I was going to write a nice answer to Chris’ question about this new thing, but then I thought “Why not write an article instead?” So let’s do that.
The Ribbon Gun is the latest in a long line of “Space Age Future Rifles”. It has four 6mm barrels side-by-side in one big block, and it shoots ammunition stored in blocks that keep all the bullets in a neat little row. It’s supposed to have a theoretical cyclic rate of something like 250 rounds per second. Ignition is electronic, but it sill uses (supposedly) some sort of gunpowder to drive the projectiles.
So let’s get on to my opinion. As you may have guessed from the title, I’m not a fan. Here we have a rifle that supposedly capable of some sort of ludicrous cyclic rate of fire. There’s no word on how it’s going to eject those ammo “blocks” fast enough, or how a solider is going to carry enough ammo. The ammo magazine looks big, bulky and heavy. Which is perfect for soldiers who are already overburdened with electronics, body armor, and batteries. Let’s give them more ammo weight; that’s the ticket to success. Perhaps they just mean it as some sort of “hyperburst,” but that comes with its own problems.
Electronic ignition is nothing new. The advantages of such are frequently touted, but the success and popularity of designs featuring electric ignition is just not there. The VEC-91 was a market failure, and had its share of problems. It’s the gun of the future, and it always will be. Or so the joke goes. Electronic ignition should be simpler, but do we really need more batteries? They better at least be standard batteries. Does it lag?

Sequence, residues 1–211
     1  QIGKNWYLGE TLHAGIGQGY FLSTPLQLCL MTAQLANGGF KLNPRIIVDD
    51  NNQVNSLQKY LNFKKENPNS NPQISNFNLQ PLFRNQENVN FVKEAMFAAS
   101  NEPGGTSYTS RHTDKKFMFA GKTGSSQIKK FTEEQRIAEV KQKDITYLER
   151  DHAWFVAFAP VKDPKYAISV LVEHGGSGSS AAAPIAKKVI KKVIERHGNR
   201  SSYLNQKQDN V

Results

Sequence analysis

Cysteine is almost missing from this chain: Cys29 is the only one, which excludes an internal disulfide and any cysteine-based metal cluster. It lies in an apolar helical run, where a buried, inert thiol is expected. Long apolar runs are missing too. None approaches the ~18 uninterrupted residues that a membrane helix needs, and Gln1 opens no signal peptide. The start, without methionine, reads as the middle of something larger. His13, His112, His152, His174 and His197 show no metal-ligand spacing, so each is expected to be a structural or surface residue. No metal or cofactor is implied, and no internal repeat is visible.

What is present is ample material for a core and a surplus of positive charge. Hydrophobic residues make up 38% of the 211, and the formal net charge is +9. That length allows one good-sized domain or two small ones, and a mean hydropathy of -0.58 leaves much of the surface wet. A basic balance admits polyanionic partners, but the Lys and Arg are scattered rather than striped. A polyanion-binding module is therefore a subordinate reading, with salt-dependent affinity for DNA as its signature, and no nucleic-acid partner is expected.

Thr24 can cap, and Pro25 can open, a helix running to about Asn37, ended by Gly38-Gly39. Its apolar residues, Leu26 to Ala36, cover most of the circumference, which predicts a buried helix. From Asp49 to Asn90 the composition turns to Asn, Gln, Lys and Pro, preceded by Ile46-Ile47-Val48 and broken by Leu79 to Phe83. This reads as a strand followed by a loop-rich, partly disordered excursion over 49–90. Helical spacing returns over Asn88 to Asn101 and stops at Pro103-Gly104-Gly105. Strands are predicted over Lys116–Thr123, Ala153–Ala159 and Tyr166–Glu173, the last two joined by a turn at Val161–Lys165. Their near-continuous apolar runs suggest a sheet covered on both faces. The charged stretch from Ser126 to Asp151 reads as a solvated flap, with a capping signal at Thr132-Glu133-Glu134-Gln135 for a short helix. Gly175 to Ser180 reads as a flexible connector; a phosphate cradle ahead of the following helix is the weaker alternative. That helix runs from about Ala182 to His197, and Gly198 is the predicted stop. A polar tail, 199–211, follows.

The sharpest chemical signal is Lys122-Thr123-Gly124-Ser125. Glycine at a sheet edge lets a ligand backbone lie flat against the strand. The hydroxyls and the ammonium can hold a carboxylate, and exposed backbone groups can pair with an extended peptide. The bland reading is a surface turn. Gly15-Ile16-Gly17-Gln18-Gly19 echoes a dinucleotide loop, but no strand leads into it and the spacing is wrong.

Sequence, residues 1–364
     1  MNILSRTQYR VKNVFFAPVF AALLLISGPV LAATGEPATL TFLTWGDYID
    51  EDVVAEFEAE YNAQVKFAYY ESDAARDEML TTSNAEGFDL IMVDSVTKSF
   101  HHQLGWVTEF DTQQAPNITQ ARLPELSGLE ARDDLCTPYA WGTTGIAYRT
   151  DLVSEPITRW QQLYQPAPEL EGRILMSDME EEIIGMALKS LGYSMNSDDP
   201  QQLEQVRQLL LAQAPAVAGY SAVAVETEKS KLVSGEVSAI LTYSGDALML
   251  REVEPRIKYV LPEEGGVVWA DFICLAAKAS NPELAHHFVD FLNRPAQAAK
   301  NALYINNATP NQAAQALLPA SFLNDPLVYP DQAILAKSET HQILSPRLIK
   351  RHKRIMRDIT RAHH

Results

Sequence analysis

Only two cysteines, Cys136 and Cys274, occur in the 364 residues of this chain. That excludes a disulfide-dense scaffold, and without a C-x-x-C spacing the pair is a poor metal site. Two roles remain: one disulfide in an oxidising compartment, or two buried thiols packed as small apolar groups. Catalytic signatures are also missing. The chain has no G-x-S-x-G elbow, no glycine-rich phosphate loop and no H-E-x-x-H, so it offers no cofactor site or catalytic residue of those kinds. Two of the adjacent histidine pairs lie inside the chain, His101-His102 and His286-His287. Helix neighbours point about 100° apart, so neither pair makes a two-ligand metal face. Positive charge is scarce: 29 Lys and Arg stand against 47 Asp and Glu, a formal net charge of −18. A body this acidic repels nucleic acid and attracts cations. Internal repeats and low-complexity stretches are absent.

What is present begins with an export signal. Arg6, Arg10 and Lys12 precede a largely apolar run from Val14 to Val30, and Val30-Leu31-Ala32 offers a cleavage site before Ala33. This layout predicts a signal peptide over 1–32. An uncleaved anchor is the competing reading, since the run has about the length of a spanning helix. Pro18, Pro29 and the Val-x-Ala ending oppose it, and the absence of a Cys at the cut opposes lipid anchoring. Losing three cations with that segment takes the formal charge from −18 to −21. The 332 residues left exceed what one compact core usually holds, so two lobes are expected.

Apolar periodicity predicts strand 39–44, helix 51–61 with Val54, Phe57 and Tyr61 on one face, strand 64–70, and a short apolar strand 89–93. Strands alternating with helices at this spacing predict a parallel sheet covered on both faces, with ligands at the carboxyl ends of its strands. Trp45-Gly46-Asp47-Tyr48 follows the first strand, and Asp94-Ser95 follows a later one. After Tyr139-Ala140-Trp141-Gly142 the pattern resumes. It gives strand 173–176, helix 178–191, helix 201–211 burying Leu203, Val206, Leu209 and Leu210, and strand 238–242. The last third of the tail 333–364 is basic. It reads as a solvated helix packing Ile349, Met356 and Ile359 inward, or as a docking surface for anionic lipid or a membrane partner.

And of course, any kind of rate of fire that’s quite fast will have the problem of waste heat. This design shows very little appreciation for how it will be cooled, though it is just a prototype. That’s always a problem with high rates of fire or so-called “hyperbursts”. One of the things seen in previous programs was trying to figure out just the right amount of dispersion in a hyperburst to get enough spread at expected combat ranges to make up for aiming errors. It’s a very difficult problem to solve, and no one quite has it figure out.
We’ve seen a number of high rate of fire weapons before. I have a book full of fantastic future rifles. They went no where. There are significant technical problems inherent in such a design, and the tradeoffs really aren’t worth the costs. Perhaps they can make a soldier “more accurate.” Or perhaps they’ll just enable him to miss faster. And nobody ever talks about keeping Pfc. Schmuckatelli supplied with enough ammo to sustain the rate of fire. Could every man in the Werhmacht Heer have carried an MG42? I think not. And no, it’s not the weight of the weapon that’s a problem; it’s the weight of the quantity of ammo.
I’d rather buy JDAMs. Maybe I’m missing out on another SPIW. Maybe I’m missing out on the next Lebel. If it proves to be good, it’s a lot easier to make the second of something. But that’s really not all that likely to be needed. Existing carbines are pretty good, when you look at them as a whole.